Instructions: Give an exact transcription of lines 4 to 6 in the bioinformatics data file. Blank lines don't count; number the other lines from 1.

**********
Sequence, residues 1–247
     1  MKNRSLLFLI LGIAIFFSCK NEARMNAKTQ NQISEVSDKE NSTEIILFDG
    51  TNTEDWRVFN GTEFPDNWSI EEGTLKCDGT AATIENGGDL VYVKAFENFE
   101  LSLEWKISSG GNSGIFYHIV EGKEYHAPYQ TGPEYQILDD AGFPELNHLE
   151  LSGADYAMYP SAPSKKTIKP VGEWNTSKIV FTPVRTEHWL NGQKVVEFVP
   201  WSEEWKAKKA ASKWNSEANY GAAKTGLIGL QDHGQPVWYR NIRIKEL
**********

   101  LSLEWKISSG GNSGIFYHIV EGKEYHAPYQ TGPEYQILDD AGFPELNHLE
   151  LSGADYAMYP SAPSKKTIKP VGEWNTSKIV FTPVRTEHWL NGQKVVEFVP
   201  WSEEWKAKKA ASKWNSEANY GAAKTGLIGL QDHGQPVWYR NIRIKEL